Japan: "Hunters Pass On Opening Day Of Dolphin Season"

"This week marked the opening of dolphin hunting season in Japan. During the six-month season, thousands of dolphins are corralled into narrow coves and captured for sale to aquariums or amusement parks. Those not captured are killed for meat. But this year, something different happened.

After Taiji's annual dolphin hunt was covertly filmed for a documentary, the little fishing village has suddenly found itself at the uncomfortable center of a media spotlight.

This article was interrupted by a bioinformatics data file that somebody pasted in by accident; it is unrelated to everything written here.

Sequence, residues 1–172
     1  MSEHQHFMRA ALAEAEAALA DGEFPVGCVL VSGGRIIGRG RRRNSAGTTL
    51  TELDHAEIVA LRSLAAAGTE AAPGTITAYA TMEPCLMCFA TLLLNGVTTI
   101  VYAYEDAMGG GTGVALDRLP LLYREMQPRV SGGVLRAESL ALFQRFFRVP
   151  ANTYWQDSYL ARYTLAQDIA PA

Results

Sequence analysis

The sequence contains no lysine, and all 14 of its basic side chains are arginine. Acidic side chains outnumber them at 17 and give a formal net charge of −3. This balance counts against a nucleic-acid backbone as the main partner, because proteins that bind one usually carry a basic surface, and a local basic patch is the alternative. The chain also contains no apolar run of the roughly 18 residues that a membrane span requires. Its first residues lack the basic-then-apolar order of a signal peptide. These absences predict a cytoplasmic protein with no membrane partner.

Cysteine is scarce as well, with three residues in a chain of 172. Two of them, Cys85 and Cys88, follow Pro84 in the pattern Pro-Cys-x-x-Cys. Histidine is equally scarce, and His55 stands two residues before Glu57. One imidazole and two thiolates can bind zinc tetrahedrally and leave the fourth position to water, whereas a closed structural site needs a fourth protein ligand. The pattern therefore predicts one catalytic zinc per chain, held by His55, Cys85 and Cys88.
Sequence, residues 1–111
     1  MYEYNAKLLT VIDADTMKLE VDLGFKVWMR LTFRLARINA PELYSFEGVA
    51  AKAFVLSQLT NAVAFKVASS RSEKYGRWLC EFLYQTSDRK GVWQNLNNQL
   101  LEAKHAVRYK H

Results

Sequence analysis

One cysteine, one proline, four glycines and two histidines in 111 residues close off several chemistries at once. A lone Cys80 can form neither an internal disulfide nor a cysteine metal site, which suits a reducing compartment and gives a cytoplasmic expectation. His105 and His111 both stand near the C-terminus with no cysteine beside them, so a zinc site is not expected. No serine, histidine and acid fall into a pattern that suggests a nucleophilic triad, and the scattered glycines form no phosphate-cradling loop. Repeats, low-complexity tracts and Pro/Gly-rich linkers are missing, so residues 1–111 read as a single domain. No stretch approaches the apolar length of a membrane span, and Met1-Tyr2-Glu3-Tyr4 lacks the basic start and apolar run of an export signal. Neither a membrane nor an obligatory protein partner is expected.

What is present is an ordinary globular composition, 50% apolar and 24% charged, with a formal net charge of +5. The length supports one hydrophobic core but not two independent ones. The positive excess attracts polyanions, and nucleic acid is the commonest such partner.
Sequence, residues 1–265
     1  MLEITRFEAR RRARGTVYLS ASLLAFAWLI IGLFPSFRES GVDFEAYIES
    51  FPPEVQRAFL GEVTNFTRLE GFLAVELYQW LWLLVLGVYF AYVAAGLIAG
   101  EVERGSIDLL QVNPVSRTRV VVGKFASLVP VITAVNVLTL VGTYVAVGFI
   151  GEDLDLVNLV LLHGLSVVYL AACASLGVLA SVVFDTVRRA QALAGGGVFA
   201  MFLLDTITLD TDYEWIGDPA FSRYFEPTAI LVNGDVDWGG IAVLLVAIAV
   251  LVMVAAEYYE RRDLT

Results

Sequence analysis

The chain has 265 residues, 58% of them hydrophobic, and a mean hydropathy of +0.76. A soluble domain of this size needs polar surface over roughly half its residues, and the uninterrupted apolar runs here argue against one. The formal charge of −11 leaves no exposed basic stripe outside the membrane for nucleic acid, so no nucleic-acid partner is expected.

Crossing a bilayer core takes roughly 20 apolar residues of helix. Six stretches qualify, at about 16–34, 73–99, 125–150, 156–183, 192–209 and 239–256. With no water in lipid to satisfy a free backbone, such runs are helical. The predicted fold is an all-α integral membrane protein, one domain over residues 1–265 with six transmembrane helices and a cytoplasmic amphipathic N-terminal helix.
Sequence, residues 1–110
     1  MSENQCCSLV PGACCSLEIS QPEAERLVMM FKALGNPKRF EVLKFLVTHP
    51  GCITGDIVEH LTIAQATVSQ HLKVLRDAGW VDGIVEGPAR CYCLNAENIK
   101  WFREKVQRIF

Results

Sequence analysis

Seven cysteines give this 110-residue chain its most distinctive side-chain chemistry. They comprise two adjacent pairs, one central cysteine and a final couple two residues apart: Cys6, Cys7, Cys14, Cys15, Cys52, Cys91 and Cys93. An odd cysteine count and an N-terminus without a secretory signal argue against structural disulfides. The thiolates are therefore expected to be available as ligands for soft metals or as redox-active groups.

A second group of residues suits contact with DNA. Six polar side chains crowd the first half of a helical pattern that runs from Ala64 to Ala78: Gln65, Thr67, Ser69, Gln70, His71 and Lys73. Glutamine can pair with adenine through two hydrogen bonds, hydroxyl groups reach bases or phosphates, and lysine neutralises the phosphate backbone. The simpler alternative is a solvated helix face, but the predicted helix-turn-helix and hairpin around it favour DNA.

Police and fishermen in Taiji don't allow filming of the hunt, part of the villagers' everyday lives. But a team of activists and filmmakers went undercover to shoot the footage, telling their story in the 2009 documentary, The Cove.

Since its release, the documentary — which won the Audience Award at the Sundance Film Festival — has spurred an international outcry. In one case, Taiji's sister city — Broome in Western Australia — suspended its relationship with Taiji for as long as dolphins continue to be killed.

This week, activist and Cove star Ric O'Barry went back to Taiji for opening day of dolphin season. He was accompanied by a group of international journalists.

But this time, he didn't see any dolphins being killed. He didn't even see fishermen on the water."

NPR's All Things Considered had the story September 5, 2009.

Source: NPR, 09/08/2009